Tata Sons’ Chairman Cyrus Mistry on Monday said Tata Motors would have to leapfrog to the next level through better use of technology in an intensely competitive market.
Making the customary April 1 address to employees of India's largest automotive company, Mistry said more focus was needed for improvement in key areas such as vehicle technology, where global auto giants were far ahead.
The new chairman asked for stronger team effort to pull the company back to a leadership position in terms of market share. Employees of Tata Motors, its subsidiaries, associate and joint venture companies from India and across the globe logged on to watch Mistry's address at Pimpri, Pune.
Managing Director Karl Slym, executive director (commercial vehicles) Ravindra Pisharody and other top executives of the company were present at the event, while employees from other centres joined through a web broadcast.
"Every year, we had Mr Ratan Tata address us from our company's Pune plant. This year, Mr Mistry kept the tradition alive. The speech was broadcast to all the 55,000 employees of Tata Motors across the globe. Mr Mistry said employees, who had seen the highs and lows of the company, were the biggest asset," said an executive in the research and development wing.
A severe slowing in vehicle demand, coupled with intensifying competition in the passenger and commercial vehicle segment, saw sales of Tata Motors plummet 11 per cent in 2012-13 to 810,086 units, against 906,768 units sold in 2011-12.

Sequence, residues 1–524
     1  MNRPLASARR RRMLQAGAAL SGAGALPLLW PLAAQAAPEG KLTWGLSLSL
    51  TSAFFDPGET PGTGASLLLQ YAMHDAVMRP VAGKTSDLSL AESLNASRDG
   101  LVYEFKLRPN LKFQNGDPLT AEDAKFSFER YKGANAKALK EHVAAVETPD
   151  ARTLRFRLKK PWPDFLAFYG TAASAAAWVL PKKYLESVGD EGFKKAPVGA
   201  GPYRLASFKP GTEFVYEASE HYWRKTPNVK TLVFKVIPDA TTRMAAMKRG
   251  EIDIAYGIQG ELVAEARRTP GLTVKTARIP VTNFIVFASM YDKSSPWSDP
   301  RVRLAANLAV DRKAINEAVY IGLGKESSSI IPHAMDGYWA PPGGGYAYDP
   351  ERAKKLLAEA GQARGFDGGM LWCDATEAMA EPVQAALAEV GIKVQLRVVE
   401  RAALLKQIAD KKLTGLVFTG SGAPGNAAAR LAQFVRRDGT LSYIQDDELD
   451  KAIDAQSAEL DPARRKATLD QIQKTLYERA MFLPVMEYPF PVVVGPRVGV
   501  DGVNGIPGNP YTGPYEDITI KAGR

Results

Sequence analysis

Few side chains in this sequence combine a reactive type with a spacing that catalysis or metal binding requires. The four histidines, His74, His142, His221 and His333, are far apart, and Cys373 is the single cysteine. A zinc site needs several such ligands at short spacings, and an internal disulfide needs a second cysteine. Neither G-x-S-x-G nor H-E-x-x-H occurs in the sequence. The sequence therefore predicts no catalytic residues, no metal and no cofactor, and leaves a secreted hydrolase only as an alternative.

The passenger vehicle segment has had sales dipping 33 per cent, the biggest fall among mass producing PV companies in 2012-13, to 222,112 units as compared to 329,805 units sold in 2011-12.
For many years, it had held the third spot, trailing Maruti Suzuki and Hyundai Motor India. Mahindra & Mahindra overtook the company in the middle of last year as it dropped to the fourth spot.
Mistry's biggest challenge is to make Tata Motors a more frugal and leaner automotive company, with increased focus on the PV division, believe analysts.
New managing director Karl Slym, along with a new sales, marketing and purchase team, has been tasked to ward off competition and avoid any further erosion in market share.
With a little more than a third of the group's revenue from Tata Motors, of which two-thirds come from Jaguar Land Rover operations alone, the truck and car making company has a tough challenge.
Since the turnaround of loss-making JLR, it has been heavily dependent on the foreign brands for growth.
The two brands presently contribute a little over 90 per cent of the profit for the company, followed by the commercial vehicle division.